hand be with me and give into the hand of your maidservant
the inheritance about which you spoke (or promised) to

Pike observes that “The transition from the salutation to the body of the letter was often marked by the expression and now (e.g., Lachish, Arad)” (emphasis added).

Historical Background/Conclusion

More recently, broader usages with additional meanings have been suggested. One such recognized pattern first presents historical background which is followed by a conclusion. The conclusion or main point is introduced by the phrase “and now.” Examples of this usage were presented by Nehemia Gordon on his radio program ( He is a graduate of Hebrew University of Jerusalem with degrees in Biblical Studies and Archaeology; he also participated in the translation of the Dead Sea Scrolls.

Old Testament 

Gordon observes that the “and now” phrase is commonly found in the books of Moses and the writings of the prophets. A classic example of the introduction of background, followed by the main purpose or point introduced by the phrase “and now” is Deuteronomy 26. Moses recites events that took place as background before coming to a conclusion. He begins his prelude with an explanation that Jacob went down to Egypt, became a numerous people, were afflicted by the Egyptians, cried to the Lord, the Lord heard them and brought them safely out of Egypt (vv. 5-9). Then in verse 10 he introduces his real message and purpose of his writing with the phrase “and now”:


And now, behold, I have brought the firstfruits of the land
which thou, O Lord, has given me. And thou shalt set it before
the Lord thy God and worship before the Lord thy God.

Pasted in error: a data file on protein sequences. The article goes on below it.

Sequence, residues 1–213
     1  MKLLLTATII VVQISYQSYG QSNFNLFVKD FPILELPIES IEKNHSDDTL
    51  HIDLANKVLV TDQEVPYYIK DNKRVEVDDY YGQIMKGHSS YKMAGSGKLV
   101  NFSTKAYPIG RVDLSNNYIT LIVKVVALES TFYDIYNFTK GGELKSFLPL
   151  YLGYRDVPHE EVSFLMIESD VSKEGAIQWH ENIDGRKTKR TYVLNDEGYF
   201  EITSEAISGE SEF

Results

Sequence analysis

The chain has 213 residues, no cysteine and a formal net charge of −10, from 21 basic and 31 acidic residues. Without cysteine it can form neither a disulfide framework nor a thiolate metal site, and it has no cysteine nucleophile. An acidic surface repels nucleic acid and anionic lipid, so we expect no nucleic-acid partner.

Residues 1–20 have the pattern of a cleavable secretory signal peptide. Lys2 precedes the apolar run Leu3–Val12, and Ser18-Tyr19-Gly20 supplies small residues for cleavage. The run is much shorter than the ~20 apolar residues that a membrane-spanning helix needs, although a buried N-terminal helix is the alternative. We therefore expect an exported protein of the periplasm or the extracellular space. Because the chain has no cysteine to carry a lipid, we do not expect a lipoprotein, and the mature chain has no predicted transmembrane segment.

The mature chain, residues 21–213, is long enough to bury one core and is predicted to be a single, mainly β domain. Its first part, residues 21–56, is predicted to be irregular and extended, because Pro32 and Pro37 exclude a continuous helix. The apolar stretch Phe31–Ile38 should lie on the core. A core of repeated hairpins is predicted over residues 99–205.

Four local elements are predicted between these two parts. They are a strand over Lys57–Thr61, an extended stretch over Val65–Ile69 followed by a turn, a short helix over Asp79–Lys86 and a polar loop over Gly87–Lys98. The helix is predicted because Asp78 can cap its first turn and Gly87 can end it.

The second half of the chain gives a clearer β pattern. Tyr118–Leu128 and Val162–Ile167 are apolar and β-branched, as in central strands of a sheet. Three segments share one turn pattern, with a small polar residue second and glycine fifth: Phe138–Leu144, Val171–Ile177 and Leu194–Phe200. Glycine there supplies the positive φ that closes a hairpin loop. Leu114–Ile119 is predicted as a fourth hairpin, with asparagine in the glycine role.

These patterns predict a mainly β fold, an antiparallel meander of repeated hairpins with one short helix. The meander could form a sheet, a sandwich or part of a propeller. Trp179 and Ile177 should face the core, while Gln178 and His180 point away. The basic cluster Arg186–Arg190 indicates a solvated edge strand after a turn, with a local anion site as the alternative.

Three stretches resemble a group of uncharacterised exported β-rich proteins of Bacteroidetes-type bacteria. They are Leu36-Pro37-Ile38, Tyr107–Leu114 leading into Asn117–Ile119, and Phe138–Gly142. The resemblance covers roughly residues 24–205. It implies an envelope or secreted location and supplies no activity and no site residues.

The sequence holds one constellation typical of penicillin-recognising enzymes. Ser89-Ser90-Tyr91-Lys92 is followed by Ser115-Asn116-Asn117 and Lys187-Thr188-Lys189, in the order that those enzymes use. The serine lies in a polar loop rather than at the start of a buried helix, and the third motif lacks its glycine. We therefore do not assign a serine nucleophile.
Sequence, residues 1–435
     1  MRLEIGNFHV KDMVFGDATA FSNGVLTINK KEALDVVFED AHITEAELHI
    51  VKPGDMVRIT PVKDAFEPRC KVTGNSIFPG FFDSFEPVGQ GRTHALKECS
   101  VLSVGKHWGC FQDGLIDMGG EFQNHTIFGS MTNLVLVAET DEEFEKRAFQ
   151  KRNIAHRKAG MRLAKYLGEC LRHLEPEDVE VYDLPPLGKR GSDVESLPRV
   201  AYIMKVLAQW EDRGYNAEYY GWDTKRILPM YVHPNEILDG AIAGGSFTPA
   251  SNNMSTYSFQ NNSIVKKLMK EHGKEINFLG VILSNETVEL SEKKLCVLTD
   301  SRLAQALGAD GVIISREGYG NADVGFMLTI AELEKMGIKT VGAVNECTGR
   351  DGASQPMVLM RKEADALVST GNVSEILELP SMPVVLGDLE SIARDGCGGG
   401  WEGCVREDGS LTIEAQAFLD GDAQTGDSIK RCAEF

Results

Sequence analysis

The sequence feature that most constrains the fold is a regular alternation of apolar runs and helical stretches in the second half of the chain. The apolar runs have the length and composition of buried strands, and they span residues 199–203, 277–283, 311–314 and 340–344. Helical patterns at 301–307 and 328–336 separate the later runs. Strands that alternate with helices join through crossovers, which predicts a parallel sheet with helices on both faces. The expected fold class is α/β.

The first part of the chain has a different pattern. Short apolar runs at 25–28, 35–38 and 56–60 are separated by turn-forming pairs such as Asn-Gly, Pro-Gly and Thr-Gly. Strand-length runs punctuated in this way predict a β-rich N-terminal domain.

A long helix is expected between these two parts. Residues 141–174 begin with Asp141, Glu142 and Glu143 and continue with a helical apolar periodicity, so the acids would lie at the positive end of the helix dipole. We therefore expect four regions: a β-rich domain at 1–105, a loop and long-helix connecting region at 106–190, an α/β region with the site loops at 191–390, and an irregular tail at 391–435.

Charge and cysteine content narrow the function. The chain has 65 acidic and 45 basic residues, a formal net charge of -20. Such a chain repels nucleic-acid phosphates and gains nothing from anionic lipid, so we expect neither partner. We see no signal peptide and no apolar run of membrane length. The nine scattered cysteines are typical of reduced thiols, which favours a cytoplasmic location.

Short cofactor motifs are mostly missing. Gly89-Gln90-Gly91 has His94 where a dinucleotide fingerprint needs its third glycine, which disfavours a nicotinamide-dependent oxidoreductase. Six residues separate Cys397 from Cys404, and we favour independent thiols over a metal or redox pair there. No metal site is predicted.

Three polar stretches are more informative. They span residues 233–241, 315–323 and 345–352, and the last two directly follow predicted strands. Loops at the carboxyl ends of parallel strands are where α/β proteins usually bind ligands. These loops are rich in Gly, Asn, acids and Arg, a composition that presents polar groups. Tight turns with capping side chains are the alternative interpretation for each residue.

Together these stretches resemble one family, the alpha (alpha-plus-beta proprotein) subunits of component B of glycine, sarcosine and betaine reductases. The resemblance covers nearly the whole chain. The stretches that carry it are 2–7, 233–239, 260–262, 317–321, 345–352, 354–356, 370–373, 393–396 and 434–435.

The main emphasis or point that Moses is making is that the offering he is bringing to the Lord is in response to all that the Lord has done.

Another example is found in Genesis 11:1-5 where the history of the people is given leading up to building the great tower:


And the whole earth was of the same language, and of the same speech.
And it came to pass, that many journeyed from the east, and as they
journeyed from the east, they found a plain in the land of Shinar,
and dwelt there in the plain of Shinar. And they said one to another,
Come, go to, let us make brick, and burn them thoroughly.
And they had brick for stone, and they had slime for mortar.
And they said, Come, go to, let us build us a city, and a tower
whose top will be high, nigh unto heaven; and let us make us a name,
lest we be scattered abroad upon the face of the whole earth.
And the Lord came down, beholding the city and the tower
which the children of men were building; And the Lord said,
Behold, the people are the same, and they all have the same language;
and this tower they begin to build, and now, nothing will be restrained from them,

The final point introduced by the phrase “and now” is that nothing will restrain them from more such works and pride. 

New Testament 

A New Testament example is found in Matthew chapter 3:9-10 , where the Lord gives a warning before using the phrase “and now” to present consequences of disobedience:


And think not to say within yourselves,
We are the children of Abraham, and we only have power
to bring seed unto our father Abraham; for I say unto you
that God is able of these stones to raise up children into Abraham.
And now, also, the axe is laid unto the root of the trees;